After a family tragedy levels the Emersons, Elsa gets her first taste of the stage. Drawn in by the warmth of attention, Elsa makes an impulsive decision to marry a traveling actor and leave for Los Angeles. Elsa and Gordon have two daughters in short order — and while Gordon’s star ascends, Elsa’s dream of fame is sidelined by the babies. She struggles to be content with her new role in life, but can’t shake the feeling of more — and quietly begins to ready herself for another crack at acting. After a studio executive rechristens her Laura Lamont, Elsa/Laura takes her first tentative steps into Hollywood — and never quite knows if she’s rising or falling.

Spanning decades, Emma Straub’s Laura Lamont’s Life in Pictures is part family saga, part cautionary tale, part love story. Straub’s vivid language, pointed descriptions and phenomenal pacing drew me into Laura’s world and kept me captive. Though the book has a melancholic tone, I never felt desperately sad walking with Laura — and though I could have easily felt disconnected from her lifestyle, Straub’s lovely descriptions of golden-age Hollywood reminded me of Jess Walter’s Beautiful Ruins. I was engrossed.

Elsa’s story begins in the 1920s, and I loved the early descriptions of Door County. Wisconsin is wholly unfamiliar to me — and I enjoyed seeing the Emersons’ lives through Elsa’s lens. As the story shifts into the 1940s and beyond, showcasing Elsa/Laura’s life as a young mother and aspiring star, I sympathized with her attempts to create an identity beyond the young milkmaid she’d always been — though Elsa’s isn’t an identity easily shed.

Laura’s tale doesn’t follow a predictable arc. Eventually she earns top accolades for a pivotal role, but Straub doesn’t push Laura to the tippy-top of Hollywood only to watch her fall. It was wonderful to read a story without any real hint of where it was going, and I appreciated the twists. Though I got angry — really angry — by some of the unfair tragedies, this novel stayed one step ahead of depressing. A few events leveled me, and it’s been a while since I physically gasped while reading . . . but those are the literary moments that keep me coming back for more. Straub had me in the palm of her hand.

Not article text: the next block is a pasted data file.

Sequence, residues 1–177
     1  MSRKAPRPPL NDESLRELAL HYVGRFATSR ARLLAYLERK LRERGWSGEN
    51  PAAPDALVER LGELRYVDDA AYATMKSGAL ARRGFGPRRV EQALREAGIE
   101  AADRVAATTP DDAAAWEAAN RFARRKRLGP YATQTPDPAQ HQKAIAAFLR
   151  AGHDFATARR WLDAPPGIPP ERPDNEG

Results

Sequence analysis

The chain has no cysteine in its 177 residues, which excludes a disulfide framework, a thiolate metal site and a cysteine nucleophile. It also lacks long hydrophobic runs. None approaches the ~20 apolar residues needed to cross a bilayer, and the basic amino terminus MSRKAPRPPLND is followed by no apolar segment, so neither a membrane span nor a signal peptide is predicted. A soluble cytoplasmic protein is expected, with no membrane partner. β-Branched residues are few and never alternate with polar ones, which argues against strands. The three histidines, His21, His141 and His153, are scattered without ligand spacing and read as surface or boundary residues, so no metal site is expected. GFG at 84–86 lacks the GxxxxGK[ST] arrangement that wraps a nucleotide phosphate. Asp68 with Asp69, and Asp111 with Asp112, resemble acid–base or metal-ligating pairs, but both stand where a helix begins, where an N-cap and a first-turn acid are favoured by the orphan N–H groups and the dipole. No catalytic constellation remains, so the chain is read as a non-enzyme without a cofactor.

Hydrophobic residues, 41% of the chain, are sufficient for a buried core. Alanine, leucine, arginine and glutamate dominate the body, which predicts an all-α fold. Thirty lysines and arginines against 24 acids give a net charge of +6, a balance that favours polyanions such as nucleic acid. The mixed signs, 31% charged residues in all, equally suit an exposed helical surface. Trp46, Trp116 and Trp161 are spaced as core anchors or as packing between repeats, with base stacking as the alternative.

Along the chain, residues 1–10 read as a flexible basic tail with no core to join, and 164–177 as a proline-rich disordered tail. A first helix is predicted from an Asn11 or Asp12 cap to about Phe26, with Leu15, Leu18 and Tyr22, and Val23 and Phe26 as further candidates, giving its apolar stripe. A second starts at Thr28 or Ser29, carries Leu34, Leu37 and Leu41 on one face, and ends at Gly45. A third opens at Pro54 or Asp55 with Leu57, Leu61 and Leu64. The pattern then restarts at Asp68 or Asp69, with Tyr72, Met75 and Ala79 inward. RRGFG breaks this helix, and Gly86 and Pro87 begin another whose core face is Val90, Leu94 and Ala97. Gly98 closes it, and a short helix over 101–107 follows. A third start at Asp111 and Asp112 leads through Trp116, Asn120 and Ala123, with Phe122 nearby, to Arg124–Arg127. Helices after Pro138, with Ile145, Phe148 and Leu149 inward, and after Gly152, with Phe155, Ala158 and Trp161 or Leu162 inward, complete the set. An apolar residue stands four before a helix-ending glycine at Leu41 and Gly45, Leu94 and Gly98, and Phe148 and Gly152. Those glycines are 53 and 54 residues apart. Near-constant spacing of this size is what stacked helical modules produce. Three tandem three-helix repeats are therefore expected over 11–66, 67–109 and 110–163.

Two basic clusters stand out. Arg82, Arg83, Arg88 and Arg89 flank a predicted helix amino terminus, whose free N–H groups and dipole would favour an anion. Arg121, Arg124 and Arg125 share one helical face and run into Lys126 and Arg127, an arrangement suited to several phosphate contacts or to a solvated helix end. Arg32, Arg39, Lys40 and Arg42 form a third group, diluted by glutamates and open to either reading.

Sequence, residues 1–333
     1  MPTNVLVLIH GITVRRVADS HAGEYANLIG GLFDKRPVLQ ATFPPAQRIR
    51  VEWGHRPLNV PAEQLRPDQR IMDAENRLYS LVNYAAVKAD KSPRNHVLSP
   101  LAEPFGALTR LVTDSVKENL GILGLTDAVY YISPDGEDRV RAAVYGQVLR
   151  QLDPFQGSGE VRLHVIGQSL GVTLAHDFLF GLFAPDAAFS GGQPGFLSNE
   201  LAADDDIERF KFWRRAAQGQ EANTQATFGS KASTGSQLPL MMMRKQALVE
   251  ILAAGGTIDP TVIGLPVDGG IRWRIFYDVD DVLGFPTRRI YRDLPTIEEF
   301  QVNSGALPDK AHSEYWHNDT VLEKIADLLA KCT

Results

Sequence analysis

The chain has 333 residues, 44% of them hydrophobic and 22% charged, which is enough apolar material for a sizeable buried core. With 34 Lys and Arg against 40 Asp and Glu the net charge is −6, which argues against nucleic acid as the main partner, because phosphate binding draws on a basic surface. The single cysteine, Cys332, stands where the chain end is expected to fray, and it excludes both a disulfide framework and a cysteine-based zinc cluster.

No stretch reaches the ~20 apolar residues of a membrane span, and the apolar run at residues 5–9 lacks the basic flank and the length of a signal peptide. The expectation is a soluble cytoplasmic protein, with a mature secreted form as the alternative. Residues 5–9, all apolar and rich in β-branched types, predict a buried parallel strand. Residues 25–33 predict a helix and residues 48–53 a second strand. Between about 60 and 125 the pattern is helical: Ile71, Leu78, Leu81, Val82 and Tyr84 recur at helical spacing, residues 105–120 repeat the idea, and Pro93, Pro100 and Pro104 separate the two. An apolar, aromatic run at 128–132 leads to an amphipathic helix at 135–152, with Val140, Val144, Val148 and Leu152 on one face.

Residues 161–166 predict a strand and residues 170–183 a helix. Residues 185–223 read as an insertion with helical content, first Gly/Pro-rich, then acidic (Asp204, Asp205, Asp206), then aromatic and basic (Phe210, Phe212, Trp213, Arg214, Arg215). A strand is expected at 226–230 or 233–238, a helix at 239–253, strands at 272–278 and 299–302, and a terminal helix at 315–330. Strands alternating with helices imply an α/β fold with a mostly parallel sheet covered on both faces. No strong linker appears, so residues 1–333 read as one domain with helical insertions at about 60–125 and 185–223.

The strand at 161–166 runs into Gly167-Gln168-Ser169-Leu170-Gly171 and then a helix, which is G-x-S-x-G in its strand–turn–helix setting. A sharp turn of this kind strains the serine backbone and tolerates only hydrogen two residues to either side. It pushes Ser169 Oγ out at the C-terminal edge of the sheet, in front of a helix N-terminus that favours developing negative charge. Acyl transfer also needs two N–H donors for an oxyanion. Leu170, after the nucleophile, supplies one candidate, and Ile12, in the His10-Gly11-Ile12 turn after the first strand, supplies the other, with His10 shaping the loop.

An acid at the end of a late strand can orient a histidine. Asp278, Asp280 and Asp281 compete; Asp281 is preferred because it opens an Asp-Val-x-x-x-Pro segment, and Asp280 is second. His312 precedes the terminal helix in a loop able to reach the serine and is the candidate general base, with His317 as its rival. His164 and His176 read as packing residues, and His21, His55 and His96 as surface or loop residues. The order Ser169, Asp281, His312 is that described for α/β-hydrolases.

While some characters felt very two-dimensional, very stock, I feel that was the intention. Many of the rowdy, fake L.A. girls were just that: girls. Having come from the north, Laura always seemed a step above them — and beyond their simpering. I liked that Laura wasn’t weighed down by typical celebrity problems . . . especially when she had so many of her own issues at home. My only regret is that we didn’t learn more about Josephine, Laura’s eldest sister — a young woman with plenty of secrets and tragedies born alone. She could have a novel herself.

If you’re seeking a salacious story full of Hollywood gossip, Laura Lamont’s Life in Pictures ain’t it. It’s very much the introspective, quiet journey of one small-town woman battling grief, ambition and hope in equal measure. I really loved it, was mesmerized by it. Lovers of literary fiction will find much to absorb in Straub’s moving depiction of the many hats we wear throughout our lives — and the pink glow of hope that binds us all.


4.5 out of 5!

ISBN: 1594488452 • GoodreadsLibraryThingAmazonAuthor website
Review copy provided by LibraryThing Early Reviewers
in exchange for my honest thoughts


Book review: ‘The Paris Wife’ by Paula McLain

Ernest Hemingway is a fascinating — and enduring — American icon. Since his death in 1961, “Papa” seems to be getting more, not less, popular; and recent novelizations of his life have proven wildly popular. Like this one.

Paula McLain’s The Paris Wife, a novel based on Hemingway’s first marriage to Hadley Richardson, is an ambitious and moving look at a couple’s early romance and disintegration set against the gritty backdrop of post-World War I Paris. Though the book ultimately left me a bit miffed at the couple, I realize these individuals weren’t puppets McLain could maneuver; Hemingway’s own A Moveable Feast provided extensive source material, and the author incorporated details from personal correspondence and more. I hate asking myself, “Is this real? Or maybe this,” which is why I often stick to pure fiction.